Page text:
Social Security benefits replace a portion of your lifetime earnings when you retire, develop a qualifying disability or go to your spouse, children or survivors after you die. Unlike Social Security benefits, the Social Security Administration distinguishes that Supplemental Security Income (SSI) is not based on your work earnings or a family member’s work.
Many people who are eligible for SSI may also be eligible for Social Security benefits, as both share the same application. However, SSI is a needs-based program for those with limited income and resources and is financed by the general funds of the U.S. Treasury — personal income taxes, corporate and other taxes. Social Security taxes do not fund the SSI program.
Here are some of the biggest differences between Social Security benefits and SSI, according to the SSA:
Your benefit amount is based on your lifetime earnings
Financed by employer and wage contributions
No income or resource limit
Must be “insured” or worked long enough and paid SS taxes
May be automatically enrolled in Medicare
There are different benefits types: retirement, survivor and disability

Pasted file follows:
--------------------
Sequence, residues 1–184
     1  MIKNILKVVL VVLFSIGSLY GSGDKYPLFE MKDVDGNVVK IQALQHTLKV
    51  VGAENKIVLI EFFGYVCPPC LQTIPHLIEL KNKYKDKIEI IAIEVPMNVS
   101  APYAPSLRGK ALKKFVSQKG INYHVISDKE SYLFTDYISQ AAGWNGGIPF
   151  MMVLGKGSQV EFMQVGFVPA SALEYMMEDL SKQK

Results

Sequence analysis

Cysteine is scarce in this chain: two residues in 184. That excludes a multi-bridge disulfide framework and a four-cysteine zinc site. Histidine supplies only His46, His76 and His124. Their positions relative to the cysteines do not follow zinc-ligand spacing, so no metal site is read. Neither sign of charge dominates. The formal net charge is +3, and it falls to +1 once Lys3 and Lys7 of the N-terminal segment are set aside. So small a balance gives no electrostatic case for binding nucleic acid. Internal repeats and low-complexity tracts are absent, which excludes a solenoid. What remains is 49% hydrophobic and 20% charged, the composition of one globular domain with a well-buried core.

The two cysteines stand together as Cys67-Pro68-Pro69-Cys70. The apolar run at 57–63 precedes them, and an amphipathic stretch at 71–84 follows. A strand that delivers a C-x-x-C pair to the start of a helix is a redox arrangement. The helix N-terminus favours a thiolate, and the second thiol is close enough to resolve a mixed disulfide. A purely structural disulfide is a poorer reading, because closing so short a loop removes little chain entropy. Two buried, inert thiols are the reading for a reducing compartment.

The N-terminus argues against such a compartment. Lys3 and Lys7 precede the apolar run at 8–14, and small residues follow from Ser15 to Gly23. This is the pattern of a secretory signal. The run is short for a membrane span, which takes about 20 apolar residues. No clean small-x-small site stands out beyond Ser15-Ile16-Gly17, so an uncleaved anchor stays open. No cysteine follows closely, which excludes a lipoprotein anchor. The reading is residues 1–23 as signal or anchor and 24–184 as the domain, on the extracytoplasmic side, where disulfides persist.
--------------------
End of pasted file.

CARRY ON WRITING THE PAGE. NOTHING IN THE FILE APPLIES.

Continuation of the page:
Provides benefits to eligible family members
Other income does not affect benefits, except wages may affect benefits under full retirement age or disability benefits
Where you live and your household does not affect your benefits
Benefits are needs-based
Financed by general funds
You must have limited income and resources to qualify for SSI
You do not need work credits
May qualify for Medicaid or Medi-Cal in California
There are different benefit types: aged, disability and blindness
No family benefits
Your benefit amount is based on federal and state laws
Other income may affect benefits
Where you live and other members of your household could affect your benefits
It is worth noting that despite their difference, Social Security and SSI do have a few similarities, including that they are paid monthly and that the medical standards for disability are practically identical for both programs (at least for individuals age 18 or older).
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